- Boeing exec Dennis Muilenburg took questions for the first time since accidents
- Lion Air crash on October 29 and Ethiopian Airlines crash on March 10 killed 346
- Muilenburg insisted safety systems on 737 Max planes were properly designed
- Told reporters he has no intention of stepping down despite grounding of planes
- Said company has nearly finished an update that ‘will make the airplane even safer’ but refused to take full responsibility for the deadly crashes
- Firm revealed safety feature was ‘not activated as intended’ on the 737 Max
- Disagree alert only works if another optional feature is also turned on by airline
- The Max has been grounded worldwide since mid-March, after the second crash
The CEO of Boeing has said the pilots from two deadly crashes did not ‘completely’ follow safety procedures – as the airline revealed a previously undisclosed software glitch on the 737 Max.
Speaking at a press conference yesterday, Dennis Muilenburg said the airline had provided steps that should be taken in response to problems like those encountered by pilots of the planes that crashed.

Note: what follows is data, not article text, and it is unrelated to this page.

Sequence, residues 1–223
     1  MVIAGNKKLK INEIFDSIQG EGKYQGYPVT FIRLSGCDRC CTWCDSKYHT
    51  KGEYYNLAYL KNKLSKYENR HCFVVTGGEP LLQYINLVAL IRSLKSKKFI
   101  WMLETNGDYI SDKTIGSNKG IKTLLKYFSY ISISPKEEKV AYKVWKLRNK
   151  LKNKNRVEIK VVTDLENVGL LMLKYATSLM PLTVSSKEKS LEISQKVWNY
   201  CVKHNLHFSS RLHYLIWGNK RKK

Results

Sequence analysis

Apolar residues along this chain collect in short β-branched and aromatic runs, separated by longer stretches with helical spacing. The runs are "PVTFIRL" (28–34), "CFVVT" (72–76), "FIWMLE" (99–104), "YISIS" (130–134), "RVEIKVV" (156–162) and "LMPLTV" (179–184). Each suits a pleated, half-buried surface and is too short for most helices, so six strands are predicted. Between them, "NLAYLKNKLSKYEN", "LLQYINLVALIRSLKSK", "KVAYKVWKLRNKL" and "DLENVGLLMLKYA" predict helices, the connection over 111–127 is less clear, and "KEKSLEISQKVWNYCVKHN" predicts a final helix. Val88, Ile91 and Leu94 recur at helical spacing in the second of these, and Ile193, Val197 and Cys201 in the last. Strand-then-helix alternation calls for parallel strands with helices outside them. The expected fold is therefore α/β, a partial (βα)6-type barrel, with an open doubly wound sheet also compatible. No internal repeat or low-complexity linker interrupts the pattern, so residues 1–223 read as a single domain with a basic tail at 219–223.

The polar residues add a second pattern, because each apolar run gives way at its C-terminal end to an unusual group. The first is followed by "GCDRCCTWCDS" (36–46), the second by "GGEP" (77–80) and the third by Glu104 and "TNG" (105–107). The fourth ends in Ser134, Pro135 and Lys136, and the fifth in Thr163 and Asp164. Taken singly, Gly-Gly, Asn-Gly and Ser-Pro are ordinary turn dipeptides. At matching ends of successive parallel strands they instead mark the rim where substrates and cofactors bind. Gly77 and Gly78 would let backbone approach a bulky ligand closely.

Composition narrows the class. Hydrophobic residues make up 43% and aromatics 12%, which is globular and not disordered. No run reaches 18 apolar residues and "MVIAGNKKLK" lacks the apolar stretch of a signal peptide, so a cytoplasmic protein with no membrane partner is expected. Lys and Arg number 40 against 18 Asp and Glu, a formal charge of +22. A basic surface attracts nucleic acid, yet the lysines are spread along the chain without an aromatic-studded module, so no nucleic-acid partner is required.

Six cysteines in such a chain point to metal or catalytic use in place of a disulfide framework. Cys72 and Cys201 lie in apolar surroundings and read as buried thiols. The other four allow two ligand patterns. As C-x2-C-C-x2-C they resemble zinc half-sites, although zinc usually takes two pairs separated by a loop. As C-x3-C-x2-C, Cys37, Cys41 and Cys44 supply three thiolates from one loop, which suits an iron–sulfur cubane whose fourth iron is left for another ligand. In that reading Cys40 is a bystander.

It is the first time Muilenburg has taken questions following the deaths of 346 people in the October 29 Lion Air and the March 10 Ethiopian Airlines crashes.
He told reporters: ‘In some cases those procedures were not completely followed.’
Hours later, Boeing admitted the ‘disagree alert’ – an indicator to warn pilots about the kind of sensor failure that has been linked to both accidents – was ‘not activated as intended’.
The disagree alert, which is standard on the Max planes, only works if the airline has also activated the angle of attack indicator, which is optional.
Boeing Chief Executive Dennis Muilenburg, pictured during a press conference in Chicago on Monday, said the pilots from two deadly crashes did not ‘completely’ follow safety procedures – as the airline revealed a previously undisclosed software glitch on the 737 Max
The firm said in a statement: ‘Boeing did not intentionally or otherwise deactivate the disagree alert on its MAX airplanes.
‘The disagree alert was intended to be a standard, stand-alone feature on MAX airplanes. However, the disagree alert was not operable on all airplanes because the feature was not activated as intended.’
The statement comes after Southwest Airlines revealed they only found out the safety feature was turned off on the Max after the Lion Air crash over the weekend.
But Muilenburg insisted during the press conference that the safety systems followed the same design and certification process it has always used to build safe planes, and he denied that the Max was rushed to market.